©2016. Published in Landslide, Vol. 8, No. , March/April 2016, by the American Bar Association. Reproduced with permission. All rights reserved. This information or any portion thereof may not be copied or disseminated in any form or by any means or stored in an electronic database or retrieval system without the express written consent of the American Bar Association or the copyright holder.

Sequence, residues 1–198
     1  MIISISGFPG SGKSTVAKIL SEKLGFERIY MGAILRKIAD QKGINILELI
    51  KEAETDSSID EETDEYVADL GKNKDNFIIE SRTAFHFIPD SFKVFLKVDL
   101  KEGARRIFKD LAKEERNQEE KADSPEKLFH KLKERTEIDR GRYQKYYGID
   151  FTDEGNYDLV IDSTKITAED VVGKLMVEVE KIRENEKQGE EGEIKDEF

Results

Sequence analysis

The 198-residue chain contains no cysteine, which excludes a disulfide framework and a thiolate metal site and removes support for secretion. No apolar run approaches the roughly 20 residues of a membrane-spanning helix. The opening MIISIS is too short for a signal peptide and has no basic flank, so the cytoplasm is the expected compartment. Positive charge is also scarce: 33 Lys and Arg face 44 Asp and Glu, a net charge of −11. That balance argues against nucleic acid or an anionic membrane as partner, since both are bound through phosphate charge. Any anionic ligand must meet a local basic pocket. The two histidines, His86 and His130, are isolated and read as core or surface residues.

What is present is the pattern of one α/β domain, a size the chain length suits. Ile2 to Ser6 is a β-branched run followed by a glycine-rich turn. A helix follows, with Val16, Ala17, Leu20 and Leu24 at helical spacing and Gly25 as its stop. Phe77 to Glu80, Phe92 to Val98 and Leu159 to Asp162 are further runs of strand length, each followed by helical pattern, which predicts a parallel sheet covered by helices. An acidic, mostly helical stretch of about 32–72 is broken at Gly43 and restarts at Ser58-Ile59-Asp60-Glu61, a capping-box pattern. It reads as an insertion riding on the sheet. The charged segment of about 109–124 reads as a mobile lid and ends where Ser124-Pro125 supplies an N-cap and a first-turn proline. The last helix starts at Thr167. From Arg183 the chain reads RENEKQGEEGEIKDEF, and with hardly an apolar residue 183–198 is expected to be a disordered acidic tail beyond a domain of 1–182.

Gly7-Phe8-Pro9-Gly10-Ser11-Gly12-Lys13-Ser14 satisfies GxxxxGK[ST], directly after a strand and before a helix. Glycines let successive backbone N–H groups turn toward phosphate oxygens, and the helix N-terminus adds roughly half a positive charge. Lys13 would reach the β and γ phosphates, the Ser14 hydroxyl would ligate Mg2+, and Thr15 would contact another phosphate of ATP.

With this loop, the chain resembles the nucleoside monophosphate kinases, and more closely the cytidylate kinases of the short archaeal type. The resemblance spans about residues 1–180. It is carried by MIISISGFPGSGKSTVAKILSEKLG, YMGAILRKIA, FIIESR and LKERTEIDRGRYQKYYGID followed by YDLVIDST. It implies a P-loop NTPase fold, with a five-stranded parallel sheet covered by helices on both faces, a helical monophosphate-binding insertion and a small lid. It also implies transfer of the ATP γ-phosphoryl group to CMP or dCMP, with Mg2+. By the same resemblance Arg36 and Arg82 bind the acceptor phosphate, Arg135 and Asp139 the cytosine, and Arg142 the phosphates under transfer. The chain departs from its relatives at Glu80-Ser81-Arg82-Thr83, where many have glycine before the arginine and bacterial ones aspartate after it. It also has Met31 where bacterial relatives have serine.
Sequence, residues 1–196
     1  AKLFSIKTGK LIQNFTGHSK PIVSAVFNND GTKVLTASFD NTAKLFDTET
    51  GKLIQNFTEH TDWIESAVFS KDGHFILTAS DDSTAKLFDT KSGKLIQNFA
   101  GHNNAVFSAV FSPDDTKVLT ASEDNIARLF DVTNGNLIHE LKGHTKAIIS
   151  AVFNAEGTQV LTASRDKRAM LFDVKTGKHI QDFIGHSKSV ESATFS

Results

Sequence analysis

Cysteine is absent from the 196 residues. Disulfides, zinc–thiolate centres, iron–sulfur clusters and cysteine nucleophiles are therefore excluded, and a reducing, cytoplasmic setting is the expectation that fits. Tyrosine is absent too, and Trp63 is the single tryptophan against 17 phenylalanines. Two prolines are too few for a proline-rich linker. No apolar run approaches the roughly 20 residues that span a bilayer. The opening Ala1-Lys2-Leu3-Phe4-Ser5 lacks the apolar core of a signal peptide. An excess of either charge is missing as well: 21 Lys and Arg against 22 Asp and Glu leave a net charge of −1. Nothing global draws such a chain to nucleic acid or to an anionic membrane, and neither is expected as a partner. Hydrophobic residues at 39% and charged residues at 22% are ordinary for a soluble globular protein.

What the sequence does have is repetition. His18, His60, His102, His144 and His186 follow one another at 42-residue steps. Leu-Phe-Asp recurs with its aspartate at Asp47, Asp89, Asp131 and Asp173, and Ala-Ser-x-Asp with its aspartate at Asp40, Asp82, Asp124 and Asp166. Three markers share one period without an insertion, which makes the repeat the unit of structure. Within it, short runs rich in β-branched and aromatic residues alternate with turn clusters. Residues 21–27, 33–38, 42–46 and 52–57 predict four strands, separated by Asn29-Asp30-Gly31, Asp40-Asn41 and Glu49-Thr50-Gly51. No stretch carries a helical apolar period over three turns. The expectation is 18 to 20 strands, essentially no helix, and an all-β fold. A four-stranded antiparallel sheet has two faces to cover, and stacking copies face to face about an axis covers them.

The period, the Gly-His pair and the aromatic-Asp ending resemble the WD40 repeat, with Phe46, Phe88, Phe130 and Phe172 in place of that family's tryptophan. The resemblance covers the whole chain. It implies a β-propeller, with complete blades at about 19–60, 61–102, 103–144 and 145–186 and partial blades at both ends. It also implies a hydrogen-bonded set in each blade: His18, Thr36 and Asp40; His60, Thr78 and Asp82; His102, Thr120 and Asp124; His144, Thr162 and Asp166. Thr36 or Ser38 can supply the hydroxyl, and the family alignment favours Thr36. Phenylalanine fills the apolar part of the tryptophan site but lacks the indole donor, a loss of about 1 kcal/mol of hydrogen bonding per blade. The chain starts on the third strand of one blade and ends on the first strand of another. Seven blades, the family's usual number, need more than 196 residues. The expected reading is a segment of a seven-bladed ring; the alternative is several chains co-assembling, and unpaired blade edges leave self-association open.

During prosecution, an applicant may reach an impasse with an examiner regarding the patentability of claims in a patent application. In this situation, the examiner may not be persuaded that the claims distinguish over cited references, regardless of the applicant’s argument or amendment efforts. Filing additional amendments, conducting in-person interviews with the examiner and the examiner’s supervisor, or filing pre-appeal brief requests for review may do little to advance prosecution. Many of these efforts merely provide additional opportunity to present one’s case to the examiner and/or the examiner’s supervisor, such that the opportunity is of reduced value if these discourses have been unproductive. Generally, applicants can incur significant costs and delay by continuing prosecution without obtaining meaningful results.
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